By Kadiro Elemo | September 26, 2013
The Oromo nation is saddened by the news of the death of Musa Bati, on Wednesday, September 24, 2013, in Nagelle Borana, Southern Oromiya. Musa Bati, who earned an honorific title of Sheikh—elder, in Arabic—at his salad age, because of his knowledge of Arabic and Somali, was among the pioneers of the Bale peasants’ resistance against the Ethiopian rule in 1960s and 1970s to end the humiliating yoke of tribute-giving, land dispossession, and cultural suffocations. A close confidante of General Waqo Gutu, Sheikh Musa led the Oromo fighters during many ferocious battles including the landmark battle of Dhombir, 1963. Because of the heroic activities of Sheikh Musa against Ethiopian army and naftanya marchers, his family paid a heavy cost. In one morning of the early 1960s, when Ethiopian jets raided his village, his family lost their entire stock, more than 300 cattle and camels. In the raids, which lasted for three days, the Oromo peasants lost more than 12,000 livestock and an untold number of people. At the time when the Oromos were unwelcomed in the administration, civil service, schools, media, justice systems of the empire, this tragedy was a major turning point in his life. This increased, according to Zaytuna Bati, a niece of Sheik Musa, the determination of the Sheikh, and his friends, to fight for the right of his people until they achieve victory over the invaders that despised their culture and robbed their land.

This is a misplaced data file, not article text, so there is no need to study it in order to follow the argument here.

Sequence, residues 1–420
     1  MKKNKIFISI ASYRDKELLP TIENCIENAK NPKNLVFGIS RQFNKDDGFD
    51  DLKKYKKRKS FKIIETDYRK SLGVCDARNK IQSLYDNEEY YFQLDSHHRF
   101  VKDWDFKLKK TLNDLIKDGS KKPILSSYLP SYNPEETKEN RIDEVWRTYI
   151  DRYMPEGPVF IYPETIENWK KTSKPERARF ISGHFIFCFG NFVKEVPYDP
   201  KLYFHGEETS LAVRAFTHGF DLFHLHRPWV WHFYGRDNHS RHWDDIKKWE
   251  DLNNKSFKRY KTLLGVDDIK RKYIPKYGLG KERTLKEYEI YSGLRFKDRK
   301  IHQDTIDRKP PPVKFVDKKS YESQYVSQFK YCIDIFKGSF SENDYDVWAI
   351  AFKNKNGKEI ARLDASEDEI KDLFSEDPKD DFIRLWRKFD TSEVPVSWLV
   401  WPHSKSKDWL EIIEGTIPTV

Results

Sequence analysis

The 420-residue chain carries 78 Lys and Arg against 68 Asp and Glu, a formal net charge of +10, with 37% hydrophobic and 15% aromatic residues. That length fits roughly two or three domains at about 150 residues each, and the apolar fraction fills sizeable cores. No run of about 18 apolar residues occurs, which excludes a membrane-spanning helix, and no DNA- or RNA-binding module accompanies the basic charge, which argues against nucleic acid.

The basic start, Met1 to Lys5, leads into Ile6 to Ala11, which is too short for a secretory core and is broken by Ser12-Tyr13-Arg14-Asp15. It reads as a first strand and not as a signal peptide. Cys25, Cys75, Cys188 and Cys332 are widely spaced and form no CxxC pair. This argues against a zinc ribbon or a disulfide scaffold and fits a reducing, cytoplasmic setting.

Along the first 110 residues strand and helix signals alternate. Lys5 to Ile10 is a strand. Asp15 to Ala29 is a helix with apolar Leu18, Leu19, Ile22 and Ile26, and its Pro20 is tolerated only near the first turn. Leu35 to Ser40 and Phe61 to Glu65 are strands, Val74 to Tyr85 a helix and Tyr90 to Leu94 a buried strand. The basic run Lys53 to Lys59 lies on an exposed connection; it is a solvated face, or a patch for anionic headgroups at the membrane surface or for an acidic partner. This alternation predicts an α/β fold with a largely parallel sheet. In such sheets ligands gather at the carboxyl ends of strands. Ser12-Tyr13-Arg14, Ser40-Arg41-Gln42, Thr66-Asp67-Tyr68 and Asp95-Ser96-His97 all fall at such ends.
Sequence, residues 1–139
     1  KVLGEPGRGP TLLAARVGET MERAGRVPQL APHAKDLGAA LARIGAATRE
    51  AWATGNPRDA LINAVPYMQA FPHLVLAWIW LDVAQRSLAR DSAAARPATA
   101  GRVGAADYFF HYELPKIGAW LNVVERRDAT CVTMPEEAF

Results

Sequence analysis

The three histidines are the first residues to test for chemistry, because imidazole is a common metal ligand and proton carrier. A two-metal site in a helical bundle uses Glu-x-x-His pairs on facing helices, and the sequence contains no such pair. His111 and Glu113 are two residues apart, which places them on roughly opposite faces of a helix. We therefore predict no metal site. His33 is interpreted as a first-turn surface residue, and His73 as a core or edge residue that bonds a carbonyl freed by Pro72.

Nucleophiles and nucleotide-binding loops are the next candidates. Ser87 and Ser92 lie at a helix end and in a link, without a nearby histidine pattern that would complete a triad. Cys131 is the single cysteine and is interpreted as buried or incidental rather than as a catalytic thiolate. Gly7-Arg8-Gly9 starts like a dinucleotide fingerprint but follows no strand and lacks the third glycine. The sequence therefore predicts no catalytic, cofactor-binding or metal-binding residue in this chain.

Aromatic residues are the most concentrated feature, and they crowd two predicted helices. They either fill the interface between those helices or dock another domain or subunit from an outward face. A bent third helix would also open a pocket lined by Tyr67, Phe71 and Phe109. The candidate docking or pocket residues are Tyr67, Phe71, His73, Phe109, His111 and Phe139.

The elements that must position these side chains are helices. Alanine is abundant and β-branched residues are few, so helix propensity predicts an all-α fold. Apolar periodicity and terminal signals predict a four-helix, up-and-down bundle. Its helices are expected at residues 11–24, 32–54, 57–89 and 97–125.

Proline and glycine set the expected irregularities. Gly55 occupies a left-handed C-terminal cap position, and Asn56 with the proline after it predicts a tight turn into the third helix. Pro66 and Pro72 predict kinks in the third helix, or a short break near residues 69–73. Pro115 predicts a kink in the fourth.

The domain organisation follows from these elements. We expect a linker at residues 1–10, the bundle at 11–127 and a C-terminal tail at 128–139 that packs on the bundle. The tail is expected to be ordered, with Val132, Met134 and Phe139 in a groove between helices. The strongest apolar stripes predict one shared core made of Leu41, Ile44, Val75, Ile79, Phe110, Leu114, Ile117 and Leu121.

As a prolific writer, who earned a name of “brain of the revolution,” Sheikh Musa was a man in charge of keeping the diaries of the struggle and negotiating with enemies. In the late 1960s, when he met Emperor Hayla Sillase to negotiate an armistice and a peace deal, the emperor hardly believed his eyes when he saw a young man in the early 20s. The skinny boy did not meet the expectation of the emperor who heard a lot about bravery of an imaginary Sheikh. Then, the emperor said, “I want to deal with Sheikh Musa, a big one, not a baby one.” A witness had to come to prove to the emperor that he was dealing with Sheikh Musa, the real and the only one. When the confused emperor offered him a chance to go to school and a car, Sheikh Musa told him that his main demand was to ask the empire stop its abuses and violent repressions of the Oromo people, and he rejected his offer until the same chance extended to all Oromo children.
Except a brief exile in Somalia, Sheikh Musa refused to leave the country he loved most, Oromiya. He returned to the country after the fall of the military dictatorship of Mangistu Hayla Marya in 1991. He participated in the Transitional Government of Ethiopia, during the Transitional Charter Period. He remained in Oromiya even when the EPRDF government, after the transition charter period, led a monstrous clamped down on all democratic rights and brutally suppressed the Oromo people’s quest for self-determination. A fearless advocate of the Oromo people, Sheikh Musa of “dubbii sibilaa” (hard talk) was arrested for many years, at Hurso and Agarfa, along a prominent Oromo activists and elders. He was released after his health deteriorated, and when Mahmud Bune, a brother of Colonel Hussein Bune, another icon of the Bale rebellion, died in a prison. Sheikh Musa was 70 and survived by more than 20 children, some of whom still languishing in prison houses of Ethiopia on concocted charges of supporting anti-peace elements. We shall have ample occasions to remember the legacy of Sheikh Musa Bati during a commemoration of the 50th year anniversary of the modern Oromo military struggle against the Ethiopian rule. We shall display a video message of the Sheikh Musa Bati to the Oromos and friends of the Oromos, on October 20, 2013, in Minnesota, during the 50th year anniversary celebration, via Facebook, and YouTube. Maatii Sheekh Muusaafi firoota isaaniif Rabbin obsa haa kennu.